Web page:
Children who have bullied others and been bullied themselves are called bully-victims. A large body of research has documented the difficulties associated with being bullied and with bullying other children. For instance, children who are bullied suffer more greatly from anxiety, depression, loneliness, and post-traumatic stress than do other children, and they have a heightened risk of suicide (1). Children who bully are more likely than other youngsters to experience peer rejection, conduct problems, anxiety, and academic difficulties, and to engage in rule-breaking behavior (2, 3).

Recent research has shown that a substantial number of children have been victimized by bullying and have bullied others in turn. In one recent study, about one third of the children who either bullied others or were bullied themselves were identified as bully-victims (1). Schwartz and his colleagues (4) have suggested that a distinguishing feature of bully-victims is that they struggle to control their emotions. For example, bully-victims may unintentionally prompt children to bully them again by reacting very emotionally to teasing, threats or physical aggression, and may have similar problems controlling feelings of anger and frustration, predisposing them to retaliatory aggression.

Bully-Victims Often Experience Behavioral And Emotional Difficulties

Given that they experience a broader range of behavioral and emotional difficulties than do children who are either purely involved in bullying or the victims of bullying, it is perhaps not surprising that bully-victims show social and emotional problems that are frequently present in victims of bullying, such as anxiety, depression, peer rejection, and a lack of close friendships, as well as the cognitive and behavioral difficulties often apparent in children who bully, including a greater acceptance of rule-breaking behavior, hyperactivity and a tendency toward reactive aggression (1, 4).

In addition, children with a combination of behavioral and emotional problems are at greater risk for psychiatric disorders and criminal offences in young adulthood (5) than are children dealing with only one of these problems, and have proven less responsive to a comprehensive school-based program for children with severe emotional disturbances (6). Consequently, it is of the utmost importance that these individuals receive support and services that address the full spectrum of their needs.

The Importance Of Recognizing The Bully-Victim's Needs

When parents and teachers are faced with trying to help a bully-victim, one difficulty might be recognizing and attending to their full range of needs, rather than focusing on only the most salient problems. Specifically, the behavioral problems may garner the lion’s share of attention since they can be so disconcerting, in light of the physical and emotional injuries that bullies can inflict on victims, the disruption to other students in the classroom, and the substantial challenges that parents and educators face in attempting to manage this troublesome behavior. However, although less visible and distressing to others, internalizing problems such as anxiety and depression can also be debilitating, and deserve an equal amount of attention.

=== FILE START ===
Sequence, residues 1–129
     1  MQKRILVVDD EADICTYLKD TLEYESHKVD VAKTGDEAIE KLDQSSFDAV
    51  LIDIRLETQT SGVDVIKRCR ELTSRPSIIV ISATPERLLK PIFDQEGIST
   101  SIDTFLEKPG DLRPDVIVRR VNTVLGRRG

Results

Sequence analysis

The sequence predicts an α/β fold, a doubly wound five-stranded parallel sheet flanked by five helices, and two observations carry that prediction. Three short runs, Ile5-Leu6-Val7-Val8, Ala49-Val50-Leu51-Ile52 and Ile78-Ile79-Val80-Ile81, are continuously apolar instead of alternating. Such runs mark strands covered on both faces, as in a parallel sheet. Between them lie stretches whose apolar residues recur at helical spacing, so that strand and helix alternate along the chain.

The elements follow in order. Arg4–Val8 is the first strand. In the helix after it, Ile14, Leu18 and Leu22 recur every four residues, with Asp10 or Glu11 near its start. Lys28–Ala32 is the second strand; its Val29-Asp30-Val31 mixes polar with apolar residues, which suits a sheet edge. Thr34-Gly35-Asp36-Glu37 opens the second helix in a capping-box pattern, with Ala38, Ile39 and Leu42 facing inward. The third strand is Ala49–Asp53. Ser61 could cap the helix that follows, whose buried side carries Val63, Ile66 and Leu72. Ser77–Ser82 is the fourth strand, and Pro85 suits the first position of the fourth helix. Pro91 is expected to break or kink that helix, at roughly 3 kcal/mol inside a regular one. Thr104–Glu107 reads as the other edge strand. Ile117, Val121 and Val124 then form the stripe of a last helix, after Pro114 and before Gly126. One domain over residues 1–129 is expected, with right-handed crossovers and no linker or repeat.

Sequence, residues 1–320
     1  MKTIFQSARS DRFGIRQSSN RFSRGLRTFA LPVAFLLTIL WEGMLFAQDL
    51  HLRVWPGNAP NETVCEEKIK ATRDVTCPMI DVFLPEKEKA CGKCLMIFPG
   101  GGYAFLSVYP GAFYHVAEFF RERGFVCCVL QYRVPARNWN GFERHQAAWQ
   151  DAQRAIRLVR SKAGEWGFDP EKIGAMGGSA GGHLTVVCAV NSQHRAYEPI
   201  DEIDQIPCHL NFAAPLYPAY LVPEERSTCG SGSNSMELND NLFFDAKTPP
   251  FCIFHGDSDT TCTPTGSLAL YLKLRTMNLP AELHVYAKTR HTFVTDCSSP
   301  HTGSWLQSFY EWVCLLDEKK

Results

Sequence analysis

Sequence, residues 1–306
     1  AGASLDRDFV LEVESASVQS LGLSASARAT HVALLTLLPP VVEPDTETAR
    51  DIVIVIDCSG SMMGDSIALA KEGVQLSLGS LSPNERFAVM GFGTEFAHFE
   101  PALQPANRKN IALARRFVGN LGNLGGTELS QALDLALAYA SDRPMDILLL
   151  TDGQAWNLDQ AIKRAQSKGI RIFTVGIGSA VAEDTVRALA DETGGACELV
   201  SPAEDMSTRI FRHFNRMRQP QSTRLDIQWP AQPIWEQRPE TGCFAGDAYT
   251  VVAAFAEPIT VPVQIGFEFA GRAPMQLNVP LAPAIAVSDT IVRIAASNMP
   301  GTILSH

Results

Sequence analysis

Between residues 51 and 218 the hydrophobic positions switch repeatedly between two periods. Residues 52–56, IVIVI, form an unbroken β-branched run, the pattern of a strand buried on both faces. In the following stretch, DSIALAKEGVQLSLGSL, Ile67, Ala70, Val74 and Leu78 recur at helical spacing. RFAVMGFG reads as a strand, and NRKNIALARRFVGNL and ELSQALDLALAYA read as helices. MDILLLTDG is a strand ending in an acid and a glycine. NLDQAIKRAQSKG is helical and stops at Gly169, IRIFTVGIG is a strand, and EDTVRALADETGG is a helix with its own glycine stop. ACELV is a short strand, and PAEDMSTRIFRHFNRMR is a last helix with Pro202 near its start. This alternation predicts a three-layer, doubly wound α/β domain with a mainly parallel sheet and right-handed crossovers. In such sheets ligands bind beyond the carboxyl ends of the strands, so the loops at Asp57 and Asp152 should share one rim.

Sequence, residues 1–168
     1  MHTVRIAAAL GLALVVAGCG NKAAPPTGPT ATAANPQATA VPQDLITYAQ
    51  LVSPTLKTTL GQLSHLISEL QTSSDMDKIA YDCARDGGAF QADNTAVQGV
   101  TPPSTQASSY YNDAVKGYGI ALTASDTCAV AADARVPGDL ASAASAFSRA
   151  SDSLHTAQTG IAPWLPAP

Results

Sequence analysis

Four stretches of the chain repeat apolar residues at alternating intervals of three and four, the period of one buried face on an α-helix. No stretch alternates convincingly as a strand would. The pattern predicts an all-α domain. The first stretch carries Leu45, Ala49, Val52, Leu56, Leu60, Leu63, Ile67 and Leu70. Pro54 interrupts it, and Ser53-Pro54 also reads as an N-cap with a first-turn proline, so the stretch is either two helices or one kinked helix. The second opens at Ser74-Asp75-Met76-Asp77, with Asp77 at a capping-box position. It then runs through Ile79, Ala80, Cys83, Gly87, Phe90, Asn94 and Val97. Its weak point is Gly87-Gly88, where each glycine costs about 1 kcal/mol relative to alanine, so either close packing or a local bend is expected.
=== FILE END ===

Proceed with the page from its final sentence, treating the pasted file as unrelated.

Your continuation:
Programs That Address Children's Behavioral Problems

Programs designed to address children’s behavioral problems (7) have been developed separately from comparable interventions for emotional problems relating to anxiety and depression (8). There is very little research on the integration of these interventions for children such as bully-victims who struggle with both behavioral and emotional issues (see 9), for an exception on the treatment of children with anxiety disorders and co-occurring conduct problems).

  • Cognitive restructuring or reframing techniques have been used to deal with aggression, anxiety, and depression (8, 10, 11). The central feature of cognitive restructuring is to identify thoughts that increase anger, anxiety or sadness, challenge their accuracy, and replace them with interpretations that are more realistic and less harmful. With regard to anxiety, a student may learn to recognize that his anxiety levels rise when he assumes that all of his classmates would “think he is stupid” if he were to give an incorrect answer in class. Instead, he may be encouraged to take a more realistic view, recognizing that everyone makes mistakes, and that when other people make mistakes, he does not usually think badly of them. To reinforce this perspective, the student might use some encouraging self-talk, such as “It’s OK to make mistakes; it’s how we learn.” Applied to address behavioral difficulties, cognitive restructuring techniques are often used to emphasize that there is more than one way to explain the actions of other children. For instance, because children who bully do not often give other children the benefit of the doubt, they may be inclined to see teasing as mean-spirited, which would increase anger and the likelihood of an aggressive response. However, it is equally likely that teasing may be good-natured, and in teaching bully-victims to be open to this possibility, the number of peer conflicts that result in episodes of bullying may be reduced.
  • Problem-solving skills training is a second technique common to cognitive-behavioral programs targeting behavioral or emotional problems (11, 12, 13). Children are helped to think of several possible solutions to a given problem, and to reflect on the positive and negative consequences of each in order to choose the strategy that will maximize positive consequences in both the short and long term. Children who bully rely too heavily on aggressive solutions, whereas anxious or depressed youngsters often default to avoiding their difficulties; problem-solving skills training can be used in either case to broaden the repertoire of constructive coping strategies and enhance decision-making. Decreasing depression and anxiety related to being bullied would be beneficial in itself for bully-victims, but it may have the added benefit of reducing negative moods that render children vulnerable to engaging in explosive, emotional and reactive aggression (14, 15).